I just drove off our son’s college campus for the second time in two months. As he closed the dorm door, it occurred to me that I was once again going to a home where he wouldn’t be. Since move-in day, I’ve been slowly adapting to his being two states away; however, my gains completely collapsed as I made my ugly-cry goodbyes once again. I’m told this gets easier, which I believe, but do we ever really get used to letting go of our adult children?
I was supposed to write this blog last month, but I had to get my own head together before having anything useful to say on the subject. I knew I would miss him. What I didn’t anticipate was the angst I would feel in the vacuum of his launching.
Our job as parents is to prepare our kids for that launch and set their sails to God’s horizons. There’s no bemoaning that; it’s a gift. Of course, we’ll worry over all sorts of things when our kids move out of the nest, but the more I’ve thought about it, the emotional difficulty isn’t just in them going but what gets left behind when they do.
Learning to let our kids go is more about us than them. As much as they may care, it’s not their job to help us cope with this new phase of life. We must navigate our empty nest hangups without impinging on their independence. It’s not an easy gig; I’ve been emotionally flooded on many fronts. I’ve had to wrestle with each of the following emotions because, at the end of the day, I want to be able to release my kids well.
I think this is the biggest issue: whether our kids are okay on their own. As much as we may prepare our kids well, for the most part, they’ll have to figure out life for themselves. There’s both relief and fear in that prospect. We’ve spent the better part of 18 years overseeing and having authority in their lives. In one afternoon, we go from knowing all the details to almost none.
It’s a hard shift, and that loss of control conjures anxiety in most of the parents I know. We have no choice but to hope and pray that the seeds we planted will bear fruit. All fear will do is keep me up at night and push my kids away.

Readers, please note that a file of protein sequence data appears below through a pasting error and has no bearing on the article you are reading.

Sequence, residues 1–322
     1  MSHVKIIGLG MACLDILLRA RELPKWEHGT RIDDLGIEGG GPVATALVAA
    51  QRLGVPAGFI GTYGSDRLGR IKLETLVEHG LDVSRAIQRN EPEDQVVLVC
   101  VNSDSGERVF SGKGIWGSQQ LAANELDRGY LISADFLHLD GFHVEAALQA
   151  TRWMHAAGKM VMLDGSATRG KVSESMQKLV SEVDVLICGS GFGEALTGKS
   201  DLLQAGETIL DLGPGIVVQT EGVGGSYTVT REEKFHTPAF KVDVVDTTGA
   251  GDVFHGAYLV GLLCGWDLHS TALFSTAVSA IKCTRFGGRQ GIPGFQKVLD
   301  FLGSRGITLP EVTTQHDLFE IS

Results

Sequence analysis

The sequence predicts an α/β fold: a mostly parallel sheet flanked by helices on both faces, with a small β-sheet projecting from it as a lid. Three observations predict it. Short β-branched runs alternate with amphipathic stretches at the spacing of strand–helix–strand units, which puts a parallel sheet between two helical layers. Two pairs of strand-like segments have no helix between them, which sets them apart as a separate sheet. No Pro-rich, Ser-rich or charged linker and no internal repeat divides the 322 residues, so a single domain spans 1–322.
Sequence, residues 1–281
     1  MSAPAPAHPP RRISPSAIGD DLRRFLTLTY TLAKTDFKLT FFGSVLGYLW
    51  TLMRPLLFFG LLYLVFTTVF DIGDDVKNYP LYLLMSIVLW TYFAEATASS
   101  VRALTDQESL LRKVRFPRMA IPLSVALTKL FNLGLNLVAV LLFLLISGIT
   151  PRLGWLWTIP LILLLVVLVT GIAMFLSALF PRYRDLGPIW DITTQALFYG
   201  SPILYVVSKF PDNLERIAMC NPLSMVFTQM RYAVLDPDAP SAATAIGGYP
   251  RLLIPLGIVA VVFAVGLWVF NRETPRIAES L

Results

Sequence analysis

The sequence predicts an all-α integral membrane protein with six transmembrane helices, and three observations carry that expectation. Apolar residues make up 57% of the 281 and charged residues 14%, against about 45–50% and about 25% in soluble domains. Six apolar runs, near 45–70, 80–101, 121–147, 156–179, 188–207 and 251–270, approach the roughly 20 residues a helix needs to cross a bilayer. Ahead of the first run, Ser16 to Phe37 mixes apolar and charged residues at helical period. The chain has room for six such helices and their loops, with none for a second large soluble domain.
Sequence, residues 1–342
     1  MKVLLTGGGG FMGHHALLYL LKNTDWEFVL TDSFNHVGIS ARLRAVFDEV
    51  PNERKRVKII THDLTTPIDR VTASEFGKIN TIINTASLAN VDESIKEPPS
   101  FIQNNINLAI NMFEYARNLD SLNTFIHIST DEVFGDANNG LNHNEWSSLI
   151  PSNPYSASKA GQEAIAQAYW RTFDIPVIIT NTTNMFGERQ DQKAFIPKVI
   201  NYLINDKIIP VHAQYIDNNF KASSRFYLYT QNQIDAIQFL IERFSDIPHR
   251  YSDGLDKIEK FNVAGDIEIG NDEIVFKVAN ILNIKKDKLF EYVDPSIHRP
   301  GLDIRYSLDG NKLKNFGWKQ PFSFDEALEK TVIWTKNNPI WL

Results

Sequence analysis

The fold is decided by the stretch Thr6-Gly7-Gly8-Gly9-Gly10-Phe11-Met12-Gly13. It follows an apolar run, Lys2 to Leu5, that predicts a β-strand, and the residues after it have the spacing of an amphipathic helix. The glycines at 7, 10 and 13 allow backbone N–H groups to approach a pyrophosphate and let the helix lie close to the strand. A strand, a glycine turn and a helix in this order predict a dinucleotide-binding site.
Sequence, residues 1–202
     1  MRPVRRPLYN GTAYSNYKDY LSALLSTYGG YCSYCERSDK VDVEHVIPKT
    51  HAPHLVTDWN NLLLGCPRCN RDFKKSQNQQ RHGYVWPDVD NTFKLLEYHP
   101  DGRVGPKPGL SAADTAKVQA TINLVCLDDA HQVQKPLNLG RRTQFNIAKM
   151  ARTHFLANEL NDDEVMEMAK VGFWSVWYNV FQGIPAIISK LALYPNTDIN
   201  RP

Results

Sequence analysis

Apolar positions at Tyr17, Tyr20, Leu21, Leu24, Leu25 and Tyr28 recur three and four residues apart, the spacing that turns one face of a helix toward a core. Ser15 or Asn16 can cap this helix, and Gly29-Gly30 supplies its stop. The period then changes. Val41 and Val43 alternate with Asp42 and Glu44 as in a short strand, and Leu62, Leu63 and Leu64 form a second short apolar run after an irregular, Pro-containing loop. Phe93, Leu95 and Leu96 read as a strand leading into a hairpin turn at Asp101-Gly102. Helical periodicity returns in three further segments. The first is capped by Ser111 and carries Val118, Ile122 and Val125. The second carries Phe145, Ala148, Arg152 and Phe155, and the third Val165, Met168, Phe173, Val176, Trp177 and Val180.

I’ve learned that I must hold loosely my desire for control, lest I smother the very life skills they need to develop. As much as that bunches me up, the alternative will perpetuate dependency, which may satisfy my anxiety but will raise theirs.
Ugh, this one’s hard. As happy as I am for my grown kids, I’m grieving a lost era of raising our children. It was a wonderful and difficult and sweet time. I look forward to visits, but I know it won’t be the same as when we were a foursome under the same roof.
When they were babies, older parents warned us that ‘the days are long, but the years are short.’ This adage really hits you in the face: come empty nest. As real as the loss is, though, I know it should still be balanced with acknowledgment of gain.
We raise our kids so they can be fully functioning adults one day. They’re supposed to move on; it’s an indication of a job well done. We can’t base our completeness on their proximity and need for us, something I’ve had to be reminded of often.
Although the grief is real and should be walked through, ultimately, the big picture is as it should be. During a time of change, the apostle Peter wrote, “rejoice and be glad, for there are good things ahead” (1 Peter 1:6). If we keep our eyes forward instead of looking behind, I know we will see the goodness of the chapters that lie ahead and the new experiences to be lived.
It’s not hard to enmesh our lives with our kids and lose a piece of our identity in the process. I’ve heard from many parents, especially moms, who felt panicky about their own lives and what would come next after their kids left home. I’ve spent time in that boat, too, wondering whether my marriage, job, friendships, and interests would be enough to fill the void.
Thankfully, my older friends convinced me that this new chapter can be pretty great if I’m willing to invest in my life as much as I did my kids’. Most of our children leave home and don’t look back. They are charging ahead to find their identity, and parents need to do the same.
We had an individual identity before parenthood, and we sure as heck need one after the nest empties. With newly found time on our hands, maybe things are ripe to develop new work endeavors, hobbies, relationships, and a new sense of mission. I believe kids will appreciate seeing their parents thrive in every season of life, which can give them a sense of freedom to do the same.
The first draft of this blog was pretty emotionally charged. The gift of time (even two months) has provided more objectivity and opportunity to handle the inevitable emotions that come with releasing our kids. I hope this encourages the parents who will go through this soon. I’m encouraged by knowing that my kids really aren’t my kids; they’re God’s, and as such, His hands are more reliable than mine.
My sense of control is an illusion, but God’s control is reality. I’m not letting my kids go to an unknown future. I’m letting them go to meet a God who loves them more purely than I ever could and who will direct their path (Proverbs 3:5-6). As for us left-behind parents, God’s not done directing our path either; empty nest or not, there’s joy ahead.